Technology is constantly developing and changing the way we live and work. As the world continues to become more digitised and automated, digital literacy skills are going to become more and more important. But what is digital literacy and what can you do to support your teen to develop their digital literacy skills?
What is digital literacy?
Digital literacy is the knowledge and ability to use technology critically and creatively to find information, solve problems or complete tasks. It is also about knowing how to act safely and respectfully online.
Even though teenagers today are ‘digital natives’ (they were born into a technological world), digital literacy doesn’t necessarily come naturally to them. Teens may find it easy to locate information online, but do they have the skills to examine it critically, to know whether it is trustworthy and accurate? They may regularly see ads on the TV, but are they aware that advertising is intended to manipulate the audience into buying a product? They may be able to shoot off a quick text message, but do they know the conventions of other online forms of communication? They may easily upload photos to social media sites, but do they know how to act responsibly and safely while online?
What is happening in schools?
Digital literacy is already a focus in schools. Digital Technologies has been developed as one of the learning areas of the Australian Curriculum, and digital literacy skills are taught in English, alongside other, more traditional forms of literacy. Schools are recognising that digital technologies impact all areas of our lives and are using technology across all subject areas in new ways. Students are able to use a wide range of technologies to gather information, solve problems, be creative and collaborate with their peers, while also thinking critically.
What can you do at home?
There are many things that you can do at home to help support your teen’s digital literacy skills:
Use technology together.
This is a great way for your teen to understand how to use media positively – and they will enjoy spending the time with you! It can also help you to monitor the content that your teen is accessing, both online and on TV.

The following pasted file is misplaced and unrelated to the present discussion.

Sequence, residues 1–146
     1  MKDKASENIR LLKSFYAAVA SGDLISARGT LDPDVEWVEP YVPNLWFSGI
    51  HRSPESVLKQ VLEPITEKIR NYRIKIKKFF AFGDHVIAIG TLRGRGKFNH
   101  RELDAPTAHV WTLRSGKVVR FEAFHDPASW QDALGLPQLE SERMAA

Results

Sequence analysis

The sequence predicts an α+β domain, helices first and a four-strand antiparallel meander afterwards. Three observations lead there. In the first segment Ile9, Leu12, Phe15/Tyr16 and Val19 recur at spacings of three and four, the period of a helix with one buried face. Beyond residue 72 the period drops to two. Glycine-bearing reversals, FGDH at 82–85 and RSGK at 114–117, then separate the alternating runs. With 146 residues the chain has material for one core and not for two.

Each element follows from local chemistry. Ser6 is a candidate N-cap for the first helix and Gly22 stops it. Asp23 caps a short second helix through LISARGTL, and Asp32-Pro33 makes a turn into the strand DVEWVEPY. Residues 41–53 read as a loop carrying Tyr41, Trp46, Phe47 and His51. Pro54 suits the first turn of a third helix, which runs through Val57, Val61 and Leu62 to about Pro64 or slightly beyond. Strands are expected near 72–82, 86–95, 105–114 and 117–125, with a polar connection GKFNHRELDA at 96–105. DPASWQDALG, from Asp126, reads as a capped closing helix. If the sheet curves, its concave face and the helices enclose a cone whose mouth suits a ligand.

Talk about technology and the media.
Talk about the ads you view together and what the advertisers have done to try to convince you to buy their product. If you’re watching or reading the news together, talk to your teen about how the media can sometimes present only one side of a story. This will help them to think critically when they consume messages through technology.
Gaming and learning.
If your teen plays online games, try to encourage them to play games that can develop their digital literacy skills. For example, online games such as Pokémon Go can help teens develop skills like collaboration, problem solving, data collection and analysis – all critical to digital literacy. Talking to your teen about the games they play gives them an opportunity to share their learning with you.
Balance technology use.
Encourage your teen to balance their technology use as well – talk about limits for screen time, and encourage them to do lots of non-screen based activities, like sport, playing music, reading books and spending time outdoors. Try to model this positive behaviour too, by enjoying technology on occasion, but letting your teen see you enjoy other activities as well.
Talk about safe behaviour online.
Talk to your teen about the information they share about themselves online. Make sure your teen knows that when they upload something to the internet, it is nearly impossible to remove it again. Discuss keeping passwords safe and how to use social media sites responsibly. Talk to your teen about how to use apps, such as Snapchat, appropriately – and remember, just because the image disappears from their view doesn’t mean that it is gone! For more information about e-safety and ways that you can make sure your teen is safe online, check out the e-safety website.